Four Urgent Actions For The C-Suite To Prepare For High End Cyberattacks
What should leaders do when operating in an environment like today’s, where serious threats of Russian cyber attacks against US infrastructure make a very high end attack a very real possibility? We recommend leaders consider the following four strategic actions:
- Understand what is new about the threat
- Contextualize the threat for your business
- Ensure planning involves business leadership, not just IT and Security
- Monitor execution, especially on actions requiring people to think differently
More on each of those follows:
Understand what is new about the threat
For the last 25 years the cyber threat to the US has primarily been one of espionage and cyber crime. Destructive cyber threats have long been a concern and prudent defenses have been sought. But the highest end of threat actors (like Russia and China) were expected to be deterred since no rational actor would want to attack a nation that is also their market or attack a nation that reserves the right to respond militarily. For years there have been reports of high end Russian, Chinese and even Iranian actors targeting US power, transportation and water infrastructures, but defenses were always raised and expectations were that attacks would not come.
With new tensions including the Russian invasion of Ukraine these perceptions have been proven to be totally wrong and inadequate (we recognized this early on and provided initial insights into what to do about the threat here).
Not only did the theoretical possibility of a Russian attack increase as soon as the invasion started, action attacks were detected. High end Russian actors attacked Viasat, a US company, in an attempt to stop the ability of Ukrainian defenders from using this system. Many other attacks followed, including a major global operation where Russian government attackers placed malicious code on systems across the free world (which was learned about due to FBI action to mitigate the threat which some saw as over-reach, clearly they were desperate).
Other attacks were underway in the infrastructure of the US. The attacks resulted in unprecedented sessions coordinated by the national security council where over 100 CEOs were brought into White House meetings, then later special actions and campaigns of awareness by CISA, then later a first ever statement by a President on the dangers of an ongoing cyber attack. Awareness campaigns continue to this day in an attempt to make things harder on adversaries and reduce risk to our infrastructures.
Contextualize the threat for your business
Every business is different. The threat to your business needs to be contextualized to be mitigated. Although we provide tips on how to do that based on business size here, the new threat means new contemplation of what this means for your business is required. For most large complex organizations this will probably mean convening a strategy session with key leaders from across the organization where the new nature of the threat can be discussed. which leads to the next key recommendation, this needs to be treated as a business issue not just a security issue.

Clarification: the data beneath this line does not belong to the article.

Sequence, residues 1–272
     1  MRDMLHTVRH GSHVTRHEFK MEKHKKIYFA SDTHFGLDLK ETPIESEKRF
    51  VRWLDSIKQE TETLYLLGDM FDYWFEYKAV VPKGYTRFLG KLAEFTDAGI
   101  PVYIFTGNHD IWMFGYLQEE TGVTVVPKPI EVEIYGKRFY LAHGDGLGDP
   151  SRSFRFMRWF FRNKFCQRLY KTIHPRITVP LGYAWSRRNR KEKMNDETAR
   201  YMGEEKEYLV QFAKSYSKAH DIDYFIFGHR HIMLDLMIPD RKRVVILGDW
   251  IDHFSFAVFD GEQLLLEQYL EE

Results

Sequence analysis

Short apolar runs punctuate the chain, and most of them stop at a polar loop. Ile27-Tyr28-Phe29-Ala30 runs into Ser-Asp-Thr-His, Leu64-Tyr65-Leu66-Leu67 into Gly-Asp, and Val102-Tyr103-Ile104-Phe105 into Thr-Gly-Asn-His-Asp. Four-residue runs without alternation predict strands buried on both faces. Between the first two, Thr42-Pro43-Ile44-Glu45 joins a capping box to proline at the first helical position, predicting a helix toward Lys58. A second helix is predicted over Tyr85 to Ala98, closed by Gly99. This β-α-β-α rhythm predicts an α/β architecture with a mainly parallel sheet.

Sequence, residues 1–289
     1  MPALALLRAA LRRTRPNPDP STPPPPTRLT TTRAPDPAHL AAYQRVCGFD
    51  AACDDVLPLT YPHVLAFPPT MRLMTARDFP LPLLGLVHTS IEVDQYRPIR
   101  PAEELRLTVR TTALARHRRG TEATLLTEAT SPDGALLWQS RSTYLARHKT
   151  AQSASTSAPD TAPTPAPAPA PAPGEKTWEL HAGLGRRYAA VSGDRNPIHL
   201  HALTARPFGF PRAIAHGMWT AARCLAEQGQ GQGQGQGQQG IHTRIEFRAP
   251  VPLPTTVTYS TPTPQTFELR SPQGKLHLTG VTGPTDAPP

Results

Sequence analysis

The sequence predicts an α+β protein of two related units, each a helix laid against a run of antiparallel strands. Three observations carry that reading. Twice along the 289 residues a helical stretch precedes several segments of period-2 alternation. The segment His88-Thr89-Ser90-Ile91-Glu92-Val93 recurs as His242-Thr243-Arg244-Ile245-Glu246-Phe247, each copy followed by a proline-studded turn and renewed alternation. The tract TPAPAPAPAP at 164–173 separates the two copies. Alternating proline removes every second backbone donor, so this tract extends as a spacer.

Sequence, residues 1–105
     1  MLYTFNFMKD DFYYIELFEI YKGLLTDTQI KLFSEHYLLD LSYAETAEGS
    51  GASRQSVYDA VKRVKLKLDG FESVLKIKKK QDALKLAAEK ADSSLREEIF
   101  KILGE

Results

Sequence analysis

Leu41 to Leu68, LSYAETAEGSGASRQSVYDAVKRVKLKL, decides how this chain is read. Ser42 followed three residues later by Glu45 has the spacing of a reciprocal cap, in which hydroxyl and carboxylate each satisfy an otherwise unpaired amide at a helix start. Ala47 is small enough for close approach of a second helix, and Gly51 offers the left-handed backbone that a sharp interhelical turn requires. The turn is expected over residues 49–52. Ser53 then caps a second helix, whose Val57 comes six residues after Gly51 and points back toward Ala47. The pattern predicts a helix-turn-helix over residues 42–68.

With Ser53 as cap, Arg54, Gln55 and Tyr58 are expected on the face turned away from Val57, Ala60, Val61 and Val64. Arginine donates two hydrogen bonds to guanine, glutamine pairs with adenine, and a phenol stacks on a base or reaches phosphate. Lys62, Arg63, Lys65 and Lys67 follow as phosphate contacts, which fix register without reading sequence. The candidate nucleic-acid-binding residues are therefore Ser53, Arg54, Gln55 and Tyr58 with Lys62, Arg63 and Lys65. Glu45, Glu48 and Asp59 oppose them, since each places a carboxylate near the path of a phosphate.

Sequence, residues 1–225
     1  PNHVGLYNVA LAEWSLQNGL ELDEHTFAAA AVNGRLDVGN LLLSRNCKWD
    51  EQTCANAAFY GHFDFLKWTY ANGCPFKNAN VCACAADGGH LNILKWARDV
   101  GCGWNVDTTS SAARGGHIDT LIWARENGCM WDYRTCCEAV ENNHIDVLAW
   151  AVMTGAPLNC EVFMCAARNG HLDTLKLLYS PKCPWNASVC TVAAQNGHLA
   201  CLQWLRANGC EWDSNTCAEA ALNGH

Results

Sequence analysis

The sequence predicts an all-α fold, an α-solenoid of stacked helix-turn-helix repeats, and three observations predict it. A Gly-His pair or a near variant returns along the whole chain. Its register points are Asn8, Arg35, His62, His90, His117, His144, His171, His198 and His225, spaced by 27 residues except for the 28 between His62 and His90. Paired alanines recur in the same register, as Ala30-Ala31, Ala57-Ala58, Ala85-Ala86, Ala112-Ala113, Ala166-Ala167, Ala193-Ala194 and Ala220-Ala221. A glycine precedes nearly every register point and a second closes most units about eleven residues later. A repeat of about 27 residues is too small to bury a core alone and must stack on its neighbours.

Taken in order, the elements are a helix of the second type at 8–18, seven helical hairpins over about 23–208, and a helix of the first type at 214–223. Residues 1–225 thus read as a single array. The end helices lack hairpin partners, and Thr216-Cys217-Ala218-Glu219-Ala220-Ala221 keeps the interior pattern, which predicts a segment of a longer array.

Ensure planning involves business leadership, not just IT and Security
Cyber attacks against the nation’s infrastructure and against infrastructures of other nations where your business or suppliers operate are issues for all leaders, not just cybersecurity and technology leaders. Leaders should examine topics of business resiliency and disaster response with an attitude towards long term business survival vice short term operations and should strongly support actions that will enable improved overall business resilience.
Monitor execution, especially on actions requiring people to think differently
This threat is so different it may be cause for actions many organizations never planned for. For example, organizations may need to rapidly learn to use new “out of band” secure communication systems for executive communications and for communications with staff and all employees. Organizations may need to learn to revert to manual paper copy interactions with suppliers, banks and other stakeholders. Boards may need to meet and exercise governance without access to online data of any sort. All of these are ways that businesses used to operate, but many skills in good governance without technology may have atrophied. Now may be the time to exercise them.
Although we mentioned above that far more than just the security and technology team need to be involved in solutions here, there are very likely many new actions that should be put in place by security and IT that could result in significant risk reduction but may have a short term business impact. For example, what if the IT team could replace a major component of infrastructure, perhaps email, for example, with a newer, more secure version, but what if that would result in a 2 day outage for the entire organization. That may be a good move right now. Another example of a hard decision might be a move to rapidly move to reduce the number of cloud services including SaaS applications used by the organization, or require more stringent login for access to the network.
This is a critically important time for leaders to check that systems have basic security controls in place by engaging outside experts (OODA operates in this space so reach out to us, if we can’t help we will find someone who will).
These are just a few of the types of decisions that organizations may need to make in the face of these new threats. Decisions that require many to do things differently can be hard to execute, which gets to the big point here. Execution on security improvements to mitigate this threat need to be monitored by the C-Suite. It is the only way the will get done.
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